As recently reported in the Irish Times, there has been a marked increase over the past number of years in non traditional financing of Corporate Transactions in Ireland.
In the old days most investment transactions (V.C., Private Equity and Corporate investment) were "straight equity" deals, with the investor agreeing a valuation for the investee company and subscribing for the agreed % of newly issued shares in the company and/or buying issued shares from the current shareholders of the Company.
The headline Pro's & Con's of straight equity transactions are well understood.
Main Pro from the investors perspective is that they get to participate in the increase in the Company's underlying value.
As against that, main Con for the investor is that equity investments are "locked in" and hard to extract - particularly in the context of private company transactions where there is probably a limited ability to sell the Shares and (particularly in the tech sector) the investee company may not be generating sufficient distributable profits in the short term to fund dividends or a buy back of the shares.
The main cons of a straight equity investment from the perspective of the existing shareholders in the investee company is that the new equity investment will usually result in a significant dilution of the existing shareholders share of the pie. Additionally, most equity investors go in on the basis of a comprehensive subscription and shareholders agreement- which will usually reserve peferential control/protection rights for the new equity investors.
The above realities on equity transactions have, as stated, lead to a marked rise in investment transactions being structured as debt transactions, (perhaps with a slice of accompanying equity and/or the right to convert the debt into equity in the investee company in certain circumstances).
In my experience the traditional banks are not leading the charge on such debt funding transactions. Rather, high net worth individuals, (in view of the low interest rate environment we are currently living in, where there is no point in having your money on deposit in a bank) and specialist debt funds are increasingly active in the Irish market- actively looking to lend to Irish corporates' which need funding to grow their business.
Such non-bank lenders are developing a wide range of new funding products, most of which are now currently being described as "venture debt" products.
Typically such Venture Debt transactions are structured as "Loan Note" arrangements- with the corporate borrower issuing loan notes (which may or may not be convertible into equity in the investee company) and the lender securing the debt lent with a mix of Debenture/Share Charge arrangements.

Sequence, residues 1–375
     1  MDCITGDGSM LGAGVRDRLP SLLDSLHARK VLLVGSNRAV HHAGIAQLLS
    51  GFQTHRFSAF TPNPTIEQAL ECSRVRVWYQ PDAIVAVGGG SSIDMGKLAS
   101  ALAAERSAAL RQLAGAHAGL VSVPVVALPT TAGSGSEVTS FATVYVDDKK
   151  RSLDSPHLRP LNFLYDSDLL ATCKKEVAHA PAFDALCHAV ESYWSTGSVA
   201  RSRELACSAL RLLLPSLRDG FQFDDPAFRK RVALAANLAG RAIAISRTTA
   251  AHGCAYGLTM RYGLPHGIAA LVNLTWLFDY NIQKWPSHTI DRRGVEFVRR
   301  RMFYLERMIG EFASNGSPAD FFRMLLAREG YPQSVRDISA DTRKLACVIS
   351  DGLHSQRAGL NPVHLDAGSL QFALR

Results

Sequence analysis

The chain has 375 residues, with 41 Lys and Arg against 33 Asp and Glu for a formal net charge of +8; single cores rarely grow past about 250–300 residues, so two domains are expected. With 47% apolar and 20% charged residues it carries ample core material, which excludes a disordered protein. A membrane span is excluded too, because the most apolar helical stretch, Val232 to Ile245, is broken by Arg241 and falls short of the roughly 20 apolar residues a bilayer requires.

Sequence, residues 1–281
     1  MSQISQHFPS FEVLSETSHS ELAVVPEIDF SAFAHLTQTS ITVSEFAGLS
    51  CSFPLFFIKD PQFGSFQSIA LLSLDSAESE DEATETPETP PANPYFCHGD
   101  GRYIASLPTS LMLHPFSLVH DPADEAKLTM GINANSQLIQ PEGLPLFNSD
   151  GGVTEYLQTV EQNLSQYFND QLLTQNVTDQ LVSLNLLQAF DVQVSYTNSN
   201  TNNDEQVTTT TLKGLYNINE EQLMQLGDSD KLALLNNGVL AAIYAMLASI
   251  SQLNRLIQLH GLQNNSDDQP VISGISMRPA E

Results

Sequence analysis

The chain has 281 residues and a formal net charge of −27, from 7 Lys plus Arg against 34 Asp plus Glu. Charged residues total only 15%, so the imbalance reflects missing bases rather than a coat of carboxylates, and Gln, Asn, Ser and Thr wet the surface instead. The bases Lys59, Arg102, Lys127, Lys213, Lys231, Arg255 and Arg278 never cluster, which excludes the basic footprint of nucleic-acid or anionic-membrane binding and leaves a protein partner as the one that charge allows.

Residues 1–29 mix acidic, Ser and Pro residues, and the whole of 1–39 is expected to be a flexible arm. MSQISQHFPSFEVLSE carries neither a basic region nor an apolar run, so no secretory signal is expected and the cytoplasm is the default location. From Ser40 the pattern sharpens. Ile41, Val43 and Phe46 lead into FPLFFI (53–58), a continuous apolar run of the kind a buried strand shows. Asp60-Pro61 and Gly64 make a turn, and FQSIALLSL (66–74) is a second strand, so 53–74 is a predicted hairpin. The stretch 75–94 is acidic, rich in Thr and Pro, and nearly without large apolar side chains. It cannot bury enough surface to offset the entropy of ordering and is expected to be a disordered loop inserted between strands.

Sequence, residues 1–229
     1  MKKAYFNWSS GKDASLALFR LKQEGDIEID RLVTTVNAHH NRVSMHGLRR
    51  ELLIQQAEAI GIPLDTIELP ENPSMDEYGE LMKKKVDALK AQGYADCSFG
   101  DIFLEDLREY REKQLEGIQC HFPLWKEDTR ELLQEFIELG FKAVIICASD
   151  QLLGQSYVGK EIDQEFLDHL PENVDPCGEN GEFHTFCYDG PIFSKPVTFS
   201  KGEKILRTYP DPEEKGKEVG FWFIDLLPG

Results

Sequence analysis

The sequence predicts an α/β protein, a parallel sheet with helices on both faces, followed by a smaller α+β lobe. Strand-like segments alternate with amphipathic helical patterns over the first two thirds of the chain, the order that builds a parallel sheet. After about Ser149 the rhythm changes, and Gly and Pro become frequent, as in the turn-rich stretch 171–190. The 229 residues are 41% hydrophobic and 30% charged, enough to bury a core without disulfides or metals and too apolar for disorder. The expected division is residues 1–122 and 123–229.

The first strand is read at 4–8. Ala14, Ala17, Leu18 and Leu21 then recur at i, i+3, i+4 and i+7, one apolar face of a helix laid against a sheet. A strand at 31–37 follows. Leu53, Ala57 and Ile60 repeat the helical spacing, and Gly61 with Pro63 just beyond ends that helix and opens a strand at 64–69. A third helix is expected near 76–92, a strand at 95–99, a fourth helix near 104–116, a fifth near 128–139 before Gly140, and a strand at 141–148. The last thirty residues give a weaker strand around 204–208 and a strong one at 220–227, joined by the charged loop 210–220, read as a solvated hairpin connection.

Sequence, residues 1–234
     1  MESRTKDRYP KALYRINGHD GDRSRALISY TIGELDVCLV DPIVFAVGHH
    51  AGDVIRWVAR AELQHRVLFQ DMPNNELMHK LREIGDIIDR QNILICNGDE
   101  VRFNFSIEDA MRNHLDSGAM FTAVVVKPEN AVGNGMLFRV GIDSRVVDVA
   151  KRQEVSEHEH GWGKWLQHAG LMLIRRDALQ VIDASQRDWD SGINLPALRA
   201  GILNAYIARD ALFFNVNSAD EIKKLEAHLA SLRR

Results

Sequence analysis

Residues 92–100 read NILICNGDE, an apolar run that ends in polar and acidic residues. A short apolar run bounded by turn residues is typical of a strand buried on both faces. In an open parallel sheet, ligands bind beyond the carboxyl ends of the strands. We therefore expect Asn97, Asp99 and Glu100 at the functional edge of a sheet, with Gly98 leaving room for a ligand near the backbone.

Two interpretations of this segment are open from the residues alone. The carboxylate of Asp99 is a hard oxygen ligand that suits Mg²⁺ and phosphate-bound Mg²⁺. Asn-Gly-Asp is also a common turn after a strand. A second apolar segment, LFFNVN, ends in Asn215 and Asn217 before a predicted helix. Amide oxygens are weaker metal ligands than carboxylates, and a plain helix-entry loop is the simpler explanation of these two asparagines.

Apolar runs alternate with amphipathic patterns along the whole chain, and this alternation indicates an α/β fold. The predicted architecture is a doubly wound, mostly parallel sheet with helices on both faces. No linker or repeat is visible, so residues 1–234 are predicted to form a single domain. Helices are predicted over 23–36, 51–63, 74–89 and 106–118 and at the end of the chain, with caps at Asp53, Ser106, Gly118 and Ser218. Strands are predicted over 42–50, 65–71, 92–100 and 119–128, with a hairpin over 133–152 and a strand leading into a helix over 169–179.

The Loan Notes normally have an agreed interest rate coupon and are attractive for investors because they are a debt obligation of the borrowing company, meaning that their repayment is not dependent on the borrowing company having sufficient distributable profits- rather the test is just that the borrowing company has sufficient repayment capacity.
The main attraction of such Venture Debt arrangements for existing shareholders of the borrowing company may be summarised as follows:
1. Speed: Private Venture Debt is usually faster to put in place than a traditional equity investment. Its certainly faster than traditional bank lending;
2. Reduced Complexity: Venture Debt transactions are normally "easier to paper" than the traditional equity document suite, and normally don't require complex company valuations; and
3. Non-Dilution: the Loan Notes will not (absent conversion into equity) result in a dilution of their shareholding in the Company.
Such Venture Debt arrangements may also have tax attractions for the parties concerned if structured correctly.
Notwithstanding the above attractions of Venture Debt, it goes without saying that such transactions should not be entered into lightly- and certainly only after a comprehensive analysis of the borrowing company's cash flow forecasts to be absolutely certain that the debt can be serviced.
In our experience, most Venture Debt funding is reasonably short term- with repayment horizons of 12 to 36 months being normal.
Venture Debt carries higher interest rates than high street bank debt and all borrowing companies plan on refinancing Venture Debt with such cheaper high street debt- usually from their existing bankers.
A word of caution here- the traditional banking market is still slightly dysfunctional and in our experience you need a very long lead time getting such refinancing into place.
For many growing tech firms, the route to finance largely involves trading equity in the venture capital arena. Much is made of any venture capital funding, worn as a badge of honour. However, regular business lending is making a comeback. Debt financing may come across as a little staid compared with the glamour of securing money through equity. However,a number of well-known Irish tech firms have gone down the debt-financing route of late. These include Version One, Netwatch and hotel-booking platform Roomex, which recently secured €1.5 million of debt finance to help fund its ongoing investment in research and development (R&D). Elsewhere the debt-financing option is also being used by the likes of Netflix, which last year announced plans to raise just over $1 billion in foreign debt financing to fund new content.